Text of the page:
This looks like a children's toy but it's actually a co-operative bank heist game where players are all part of a gang following the instructions given to them by their boss, who is ensconced at another location. If you've watched the Spanish TV series La Casa de Papel (on Netflix, mistranslated as Money Heist), you'll have the general idea of the set up.
Players (2–4) each have a designated role (Lookout, Hacker, Explosives Expert, Money Man). The bank vault, which is the main component in the game, is a battery powered electronic device. Players will also have a central pool of plastic tools, and of course there's cash and gold - the prize players are collectively seeking to make off with. It is the electronic device that transmits the boss' instructions, and these need to be followed to the letter, and quickly! He'll tell the Hacker, for example, to Get the goggles (which could be from the centre of the table or from another player if they've already been claimed); an instruction to Pass a tool, for example to the Explosive Expert, requires the player who has that tool to give it to the player with the Explosive Expert role. A Trade command will require players to swap specified tools, but the boss doesn't say who has what tool. When the boss instructs the gang to Use a specified tool then the player with that tool has to press their button on the electronic bank vault device. Follow all the instructions correctly and the Money Man will be instructed to take a specified amount of cash. If you make too many slip ups, you'll trigger the bank's alarm and corresponding police sirens.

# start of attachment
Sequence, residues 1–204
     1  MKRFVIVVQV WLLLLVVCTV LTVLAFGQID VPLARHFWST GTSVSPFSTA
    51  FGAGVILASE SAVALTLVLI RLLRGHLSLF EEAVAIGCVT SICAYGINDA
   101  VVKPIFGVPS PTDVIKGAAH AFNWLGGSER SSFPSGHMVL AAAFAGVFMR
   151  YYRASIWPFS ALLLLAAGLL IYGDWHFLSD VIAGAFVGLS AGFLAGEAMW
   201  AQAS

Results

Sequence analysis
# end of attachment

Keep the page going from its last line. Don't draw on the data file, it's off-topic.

Bank Attack follows in the tradition of the early electronic game Simon (Hasbro) - now more than 40 years old! - where players had to press coloured buttons matching a sequence of coloured lights. Bank Attack feels fresh because the theme and the pressure of time, with the bank vault timer ticking away loudly, inject a rush of adrenaline. The instructions may all each sound simple but because everything is in real time, the slightest hesitation or fumble can create a cascade of errors. And the gang can only get away with three errors at the easiest level (only two on the higher levels). The time players have to respond is reduced with each level; to the extent that Level 5 (2 seconds per instruction) is almost impossibly difficult. There's a 'hidden' Level 6 that only unlocks if you ever manage to complete Level 5 without any mistakes. And that doesn't just further ramp up the speed, it also introduces a new Change Roles instruction just to add to the mayhem! A challenging but more manageable variant is to opt to take on more than one role when playing with fewer than four players.
It's a nice added touch that the boss' voice sounds passably like George Clooney in Oceans 11. It all adds to the atmospherics of a game that adults and children alike will enjoy trying to beat. And if you're buying it as a present for Christmas Day, don't forget batteries aren't included (you'll need three AA batteries).